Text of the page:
Tess knew that Kate coming out at gay was going to be a big deal, and she hoped that the kids at her sister's school wouldn't blow it out of proportion. It was times like these when she wished they went to the same school. Everyone at her school was out and proud; it was just their culture, they all felt safe. But at Kate's school? It was different. It wasn't always the best for kids to show their true colors there. Tess feared a bit for her sister.
"What if people are mean to me?" Sure, the country was changing its ways of thinking about certain topics, but it didn't mean all of the hate in the world was suddenly gone.
"If they are then dad and I will beat them," Tess says, quickly defending her twin. "No one bullies you and gets away with it."
"Oh my god," Kate groans. "How am I gonna tell dad? Do I tell him? What will he say?" Kate and her dad had always been close, she could tell him things a lot easier than she could her mom sometimes. But this? This was a Big Thing.
"I think he'll be shocked at first; I know I was," Tess answers. "But then he'll get over it and everything will go back to normal. And you tell him when you're ready. Not because you think you have to."
"Yeah," Kate sighs. She leans back onto the grass, the dampness seeping through her jacket.
"You ready to come back in?" Teas asks, standing up and brushing off her butt.
"I'll be there in a minute," Kate replies. Her twin smiles down at her and Kate feels better. She was in control of this, not anyone else.
Kate comes back inside, closing the door behind her, sighing at the welcome warmth the kitchen brings. She spies her younger sister rummaging in the pantry for a snack and smiles to herself; slowly and silently walking to her.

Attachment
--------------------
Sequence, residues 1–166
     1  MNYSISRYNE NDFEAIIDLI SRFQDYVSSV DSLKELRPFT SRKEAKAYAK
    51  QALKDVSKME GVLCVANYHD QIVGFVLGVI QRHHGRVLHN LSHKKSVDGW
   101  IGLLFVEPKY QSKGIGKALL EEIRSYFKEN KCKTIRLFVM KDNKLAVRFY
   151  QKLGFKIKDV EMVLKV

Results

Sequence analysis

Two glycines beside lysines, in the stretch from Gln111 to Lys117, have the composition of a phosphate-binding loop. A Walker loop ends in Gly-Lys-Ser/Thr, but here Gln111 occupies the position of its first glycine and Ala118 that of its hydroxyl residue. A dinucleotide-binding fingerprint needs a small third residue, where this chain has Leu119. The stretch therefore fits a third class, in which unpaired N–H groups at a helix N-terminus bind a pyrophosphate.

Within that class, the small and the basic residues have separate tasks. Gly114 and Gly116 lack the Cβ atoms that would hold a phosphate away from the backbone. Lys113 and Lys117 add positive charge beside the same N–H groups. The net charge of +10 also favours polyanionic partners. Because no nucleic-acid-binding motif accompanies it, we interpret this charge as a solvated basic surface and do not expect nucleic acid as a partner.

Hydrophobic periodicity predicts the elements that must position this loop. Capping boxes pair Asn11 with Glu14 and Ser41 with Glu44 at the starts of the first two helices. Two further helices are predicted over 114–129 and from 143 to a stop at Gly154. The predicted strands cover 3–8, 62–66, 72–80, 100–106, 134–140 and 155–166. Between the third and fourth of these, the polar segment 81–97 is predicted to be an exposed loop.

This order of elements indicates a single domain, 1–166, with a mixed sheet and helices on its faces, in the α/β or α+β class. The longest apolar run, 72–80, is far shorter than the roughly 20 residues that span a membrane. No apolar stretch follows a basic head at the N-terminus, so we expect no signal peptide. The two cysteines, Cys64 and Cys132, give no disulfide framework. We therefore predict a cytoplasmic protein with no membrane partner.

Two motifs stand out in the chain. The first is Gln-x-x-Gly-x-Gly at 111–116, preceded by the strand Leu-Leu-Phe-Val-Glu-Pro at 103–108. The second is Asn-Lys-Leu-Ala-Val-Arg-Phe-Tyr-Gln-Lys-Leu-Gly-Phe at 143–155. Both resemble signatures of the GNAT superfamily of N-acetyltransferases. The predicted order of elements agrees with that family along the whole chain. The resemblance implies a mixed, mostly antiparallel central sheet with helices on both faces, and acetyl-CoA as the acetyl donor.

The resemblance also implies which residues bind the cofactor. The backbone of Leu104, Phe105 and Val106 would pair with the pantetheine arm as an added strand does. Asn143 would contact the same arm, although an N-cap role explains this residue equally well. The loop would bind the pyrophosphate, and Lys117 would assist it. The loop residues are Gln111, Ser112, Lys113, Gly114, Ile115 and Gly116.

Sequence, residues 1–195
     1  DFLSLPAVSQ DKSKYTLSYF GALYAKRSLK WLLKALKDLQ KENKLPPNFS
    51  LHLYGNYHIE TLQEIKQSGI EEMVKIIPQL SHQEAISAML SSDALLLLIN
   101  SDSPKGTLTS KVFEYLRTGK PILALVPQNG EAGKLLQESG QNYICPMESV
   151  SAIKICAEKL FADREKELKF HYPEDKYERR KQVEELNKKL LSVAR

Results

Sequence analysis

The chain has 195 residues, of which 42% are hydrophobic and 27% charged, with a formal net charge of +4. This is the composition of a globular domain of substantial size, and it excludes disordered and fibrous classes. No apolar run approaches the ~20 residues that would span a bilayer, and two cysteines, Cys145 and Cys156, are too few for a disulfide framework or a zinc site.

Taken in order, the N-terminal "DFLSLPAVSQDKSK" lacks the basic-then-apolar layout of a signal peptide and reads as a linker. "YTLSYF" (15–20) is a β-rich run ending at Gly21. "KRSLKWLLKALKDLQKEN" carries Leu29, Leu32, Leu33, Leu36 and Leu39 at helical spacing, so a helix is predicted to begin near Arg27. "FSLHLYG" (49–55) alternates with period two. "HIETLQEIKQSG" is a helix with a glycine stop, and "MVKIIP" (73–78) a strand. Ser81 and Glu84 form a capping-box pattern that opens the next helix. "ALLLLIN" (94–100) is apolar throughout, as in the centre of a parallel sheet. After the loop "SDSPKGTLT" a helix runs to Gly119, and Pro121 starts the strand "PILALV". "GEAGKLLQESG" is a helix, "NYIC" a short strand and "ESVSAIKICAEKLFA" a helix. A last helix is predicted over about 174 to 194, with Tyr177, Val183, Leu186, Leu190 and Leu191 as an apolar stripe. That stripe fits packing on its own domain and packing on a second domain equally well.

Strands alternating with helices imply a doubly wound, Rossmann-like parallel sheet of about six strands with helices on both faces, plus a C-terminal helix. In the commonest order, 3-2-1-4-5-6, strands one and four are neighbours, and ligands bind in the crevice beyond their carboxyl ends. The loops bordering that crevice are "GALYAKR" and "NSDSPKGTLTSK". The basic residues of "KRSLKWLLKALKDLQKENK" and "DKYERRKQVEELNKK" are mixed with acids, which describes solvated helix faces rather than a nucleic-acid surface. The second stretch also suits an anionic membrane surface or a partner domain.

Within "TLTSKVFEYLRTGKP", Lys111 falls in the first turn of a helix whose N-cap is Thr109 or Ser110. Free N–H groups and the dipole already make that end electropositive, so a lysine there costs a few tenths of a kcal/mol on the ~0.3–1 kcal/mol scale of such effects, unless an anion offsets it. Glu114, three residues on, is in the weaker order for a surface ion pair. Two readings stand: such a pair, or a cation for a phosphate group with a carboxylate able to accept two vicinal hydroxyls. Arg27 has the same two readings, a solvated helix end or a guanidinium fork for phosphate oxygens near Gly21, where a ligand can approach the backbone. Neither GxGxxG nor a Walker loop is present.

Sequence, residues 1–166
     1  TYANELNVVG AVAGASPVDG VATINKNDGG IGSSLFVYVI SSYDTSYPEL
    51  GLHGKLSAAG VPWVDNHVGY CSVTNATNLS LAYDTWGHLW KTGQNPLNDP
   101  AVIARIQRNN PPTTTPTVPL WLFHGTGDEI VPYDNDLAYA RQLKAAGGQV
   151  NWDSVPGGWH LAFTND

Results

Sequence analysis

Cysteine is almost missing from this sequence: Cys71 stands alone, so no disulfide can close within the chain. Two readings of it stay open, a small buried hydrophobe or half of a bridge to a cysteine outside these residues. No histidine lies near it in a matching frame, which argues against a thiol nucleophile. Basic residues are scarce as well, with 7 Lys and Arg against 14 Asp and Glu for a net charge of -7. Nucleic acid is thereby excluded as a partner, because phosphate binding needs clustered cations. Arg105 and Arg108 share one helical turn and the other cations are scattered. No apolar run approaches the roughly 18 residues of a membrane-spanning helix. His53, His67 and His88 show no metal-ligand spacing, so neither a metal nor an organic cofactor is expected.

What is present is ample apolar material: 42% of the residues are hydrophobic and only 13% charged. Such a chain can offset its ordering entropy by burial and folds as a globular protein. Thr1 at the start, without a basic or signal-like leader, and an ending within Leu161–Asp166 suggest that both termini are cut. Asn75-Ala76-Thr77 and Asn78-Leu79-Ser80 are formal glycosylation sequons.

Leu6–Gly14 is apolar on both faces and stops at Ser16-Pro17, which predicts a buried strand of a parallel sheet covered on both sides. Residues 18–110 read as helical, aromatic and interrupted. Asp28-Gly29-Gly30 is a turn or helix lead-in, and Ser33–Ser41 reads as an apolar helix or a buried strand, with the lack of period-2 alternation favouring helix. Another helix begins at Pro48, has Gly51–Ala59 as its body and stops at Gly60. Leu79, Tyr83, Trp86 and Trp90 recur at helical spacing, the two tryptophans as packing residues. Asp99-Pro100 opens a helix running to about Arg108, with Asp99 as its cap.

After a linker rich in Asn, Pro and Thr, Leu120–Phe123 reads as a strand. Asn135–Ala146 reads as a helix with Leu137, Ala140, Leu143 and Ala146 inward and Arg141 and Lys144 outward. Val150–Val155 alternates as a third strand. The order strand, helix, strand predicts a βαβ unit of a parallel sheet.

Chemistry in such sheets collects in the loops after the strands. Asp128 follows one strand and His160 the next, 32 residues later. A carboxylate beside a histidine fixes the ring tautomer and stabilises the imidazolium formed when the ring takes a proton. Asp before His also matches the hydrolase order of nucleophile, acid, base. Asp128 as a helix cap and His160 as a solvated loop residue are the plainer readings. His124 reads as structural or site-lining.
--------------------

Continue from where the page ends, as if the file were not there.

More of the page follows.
"What are you doing?" Kate shouts, making Addy jump.
"Don't do that!" the fifth-grader cries, smacking Kate's shoulder.
Kate laughs, stealing a handful of crackers from the bag in Addy's hands. "How was rehearsal?"
"It was good. A lot of waiting. I got to help with the little kids, though, so that was cool."
"Sounds like it," Kate says, going for the fridge and grabbing a bottle of water. "I'm excited to see you. First Nutcracker En Pointe, right?"
"Yeah," Addison smiles. "I'm a little nervous, but mostly excited."
"You're gonna be great." They sit in comfortable silence for a moment. "So, mom found out about me today," Kate confesses.
"What! Oh my gosh! Beanie, I'm so sorry!" Addy was the second person Kate talked to about her sexuality. It had happened the previous summer while they sat out on the dock dangling their feet into the water. Addy had asked questions and Kate tried to explain everything to her. But she never once said anything mean or bad about her; it was just something new about her sister.